Borussia Dortmund’s decision to sign Paco Alcacer permanently from Barcelona on Black Friday
will come as no surprise to anyone who has watched BVB so far this season, their free-flowing attacking football proving effective and entertaining in equal measure in taking them top of the table.
Yet what prompted the club’s officials to exercise the option to make Paco Alcacer‘s loan deal permanent with not even a third of the season gone? bundesliga.com takes a closer look…
Yes, yawn. This is stating the glaringly obvious, but it still has to be mentioned. Strikers are there to
score and Alcacer is very good at his job. After finding the net just five minutes into his Bundesliga
debut against Eintracht Frankfurt on Match day 3, the 25-year-old has not stopped.
His match-winning strike to decide the Klassiker against Bayern Munich on Match day 11 was his
eighth of a campaign in which he has played just 218 minutes of Bundesliga football, giving him a
strike rate of a goal every 29 minutes; A record for any Bundesliga player at this stage of their career.
His relative lack of playing time should not be mistaken for a lack of faith from his coach Lucien
Favre; it is more a case of building him back up to full fitness after a couple of seasons on the
fringes at Barcelona. “You can’t forget that he almost didn’t play for two years,” Favre said recently. “It’ll take time.”
When you consider that a league-high seven of his goals have come after starting as a substitute
and that he has also scored more times than anyone else in the second half (seven) and in the final
quarter (five) of matches, it becomes clear just how gifted Paco Alcacer is. If this is the forward finding his feet once again, what will he be like once he truly hits his stride?
More than just a scorer
Standing at just 5’10 (1.75m), Alcacer is considerably shorter than his predecessors in yellow and black, with Michy Batshuayi, Pierre-Emerick Aubameyang and Robert Lewandowski all over 6’1″.
As such, he is not a traditional target man up front, and the fact he has won just 14 percent of his aerial duels is testament to that.
Yet what he lacks in stature he more than makes up for in game intelligence, slinking between the lines with genius runs to create gaps in opposition defences. “His movement is very interesting,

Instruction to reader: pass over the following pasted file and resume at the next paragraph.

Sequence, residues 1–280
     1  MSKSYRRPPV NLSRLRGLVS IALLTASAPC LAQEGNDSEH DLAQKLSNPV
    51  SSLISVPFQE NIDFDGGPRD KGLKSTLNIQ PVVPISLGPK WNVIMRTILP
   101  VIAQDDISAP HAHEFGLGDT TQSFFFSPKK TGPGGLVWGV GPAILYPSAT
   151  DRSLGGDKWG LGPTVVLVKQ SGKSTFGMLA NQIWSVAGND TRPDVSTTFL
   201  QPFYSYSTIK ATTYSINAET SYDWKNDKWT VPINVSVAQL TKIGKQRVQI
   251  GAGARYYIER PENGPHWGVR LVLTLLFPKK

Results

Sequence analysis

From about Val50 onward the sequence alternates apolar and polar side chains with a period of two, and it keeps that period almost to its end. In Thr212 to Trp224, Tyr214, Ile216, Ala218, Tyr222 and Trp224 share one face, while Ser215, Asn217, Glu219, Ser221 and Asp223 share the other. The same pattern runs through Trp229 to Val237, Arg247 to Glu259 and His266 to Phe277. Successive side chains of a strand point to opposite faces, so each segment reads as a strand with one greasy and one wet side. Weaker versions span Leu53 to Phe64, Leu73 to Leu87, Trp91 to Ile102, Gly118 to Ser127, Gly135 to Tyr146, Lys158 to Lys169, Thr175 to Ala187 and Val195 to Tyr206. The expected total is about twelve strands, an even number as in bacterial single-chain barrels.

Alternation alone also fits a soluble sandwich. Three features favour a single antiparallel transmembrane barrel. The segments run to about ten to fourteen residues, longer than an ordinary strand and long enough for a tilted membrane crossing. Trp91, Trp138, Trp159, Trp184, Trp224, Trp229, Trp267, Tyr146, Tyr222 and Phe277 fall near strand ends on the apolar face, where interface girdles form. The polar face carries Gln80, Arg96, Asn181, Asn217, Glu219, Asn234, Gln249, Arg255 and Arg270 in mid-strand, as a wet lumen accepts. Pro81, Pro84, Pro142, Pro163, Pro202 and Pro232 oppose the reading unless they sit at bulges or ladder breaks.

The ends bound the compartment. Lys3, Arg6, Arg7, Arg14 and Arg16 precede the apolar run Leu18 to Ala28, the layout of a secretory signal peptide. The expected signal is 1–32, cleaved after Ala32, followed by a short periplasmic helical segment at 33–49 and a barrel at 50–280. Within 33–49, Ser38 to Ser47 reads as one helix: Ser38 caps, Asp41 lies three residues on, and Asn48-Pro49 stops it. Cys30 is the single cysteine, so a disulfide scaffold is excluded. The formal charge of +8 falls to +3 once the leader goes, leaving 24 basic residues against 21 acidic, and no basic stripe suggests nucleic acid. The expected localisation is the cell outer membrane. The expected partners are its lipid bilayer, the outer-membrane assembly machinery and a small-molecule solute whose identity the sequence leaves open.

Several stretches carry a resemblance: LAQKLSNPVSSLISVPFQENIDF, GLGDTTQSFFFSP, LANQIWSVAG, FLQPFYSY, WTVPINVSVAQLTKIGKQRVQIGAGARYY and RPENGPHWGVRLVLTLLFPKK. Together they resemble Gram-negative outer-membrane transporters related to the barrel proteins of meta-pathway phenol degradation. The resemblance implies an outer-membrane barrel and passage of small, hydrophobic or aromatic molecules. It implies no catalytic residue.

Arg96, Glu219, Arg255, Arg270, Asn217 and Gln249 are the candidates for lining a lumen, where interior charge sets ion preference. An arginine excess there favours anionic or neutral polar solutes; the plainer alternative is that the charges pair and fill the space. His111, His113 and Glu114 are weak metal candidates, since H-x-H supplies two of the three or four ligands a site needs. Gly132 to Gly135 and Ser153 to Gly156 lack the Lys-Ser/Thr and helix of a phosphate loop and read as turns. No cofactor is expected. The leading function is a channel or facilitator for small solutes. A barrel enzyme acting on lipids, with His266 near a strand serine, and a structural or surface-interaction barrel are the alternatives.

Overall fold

very clever and the openings he works to enable a quick pass, he does that really well,” said Favre of his No.9. “He has quality, can link up with the team and make runs in behind.”
Paco Alcacer himself agrees: “I guess those are particular strengths of mine: getting in behind the defence to the near post and working the ball with my back to goal.” As the leading scorers in the league this term with 33, it is safe to say brain over brawn is working out nicely for BVB.
Older head in a young squad
Dortmund have rightly won plaudits for giving youngsters a chance to shine and have become the go-to destination in Europe for talented hopefuls eager to make an impact at senior level.
Christian Pulisic, Jadon Sancho, Jacob Bruun Larsen, Dan-Axel Zagadou and Achraf Hakimi have
all been first-team regulars this season, with Pulisic the oldest of that bunch having just turned 20 in September.
And while there is much to be said for that quintet’s exuberance and fearlessness, there is no
substitute for experience. At 25, Alcacer is coming into his prime and joins Marco Reus (29), Axel Witsel (29) and Roman Bürki (28) as one of the team’s elder statesmen.
Reus himself has been an influential figure for Alcacer since his arrival at Dortmund. “Marco’s
helped me a lot with settling in, both on and off the pitch,” said the Spain international. “He’s a big
part of the reason I feel so good here. He’s a world-class leader. I appreciate him a lot. Playing with him is very easy.”
In a team searching for silverware in three competitions this season, having another wise head –
and one who won La Liga and two Copa del Rey titles during his time at Barcelona and finished as Spain’s top scorer in UEFA EURO 2016 qualifying – to guide a young squad could prove invaluable.
A good fit at the club
A high-profile transfer does not automatically equate to a successful one and a variety of factors,
including language, culture, climate, playing style, as well as relationships with team-mates and coach, can affect whether or nor a new signing settles at a club.
With that in mind, having an initial ‘try-before-you-buy’ loan spell with Alcacer looks to have been a stroke of genius in hindsight. It gave both parties time and space to adapt to each other without the
added pressure that comes with a permanent deal – especially as BVB have not had an out-and-out striker of their own following Aubameyang’s departure in January.
And evidently, it has worked out. “Paco is wholeheartedly with us, he has quickly integrated and
has become and integral part of our squad,” said Dortmund sporting director Michael Zorc after
confirming Paco Alcacer’s transfer. “He’s a real scorer of high footballing quality, and has already decided some important games for us. We look forward to many more goals and assists from him in the coming years.”
Paco Alcacer recently described the club’s fans as “incredible” following the victory over Bayern, is equally delighted to be staying: “I’m very happy in Dortmund, at BVB and in this wonderful team.
Borussia Dortmund was and is exactly the right decision for me. I’ll do everything I can to say thank you for your trust.”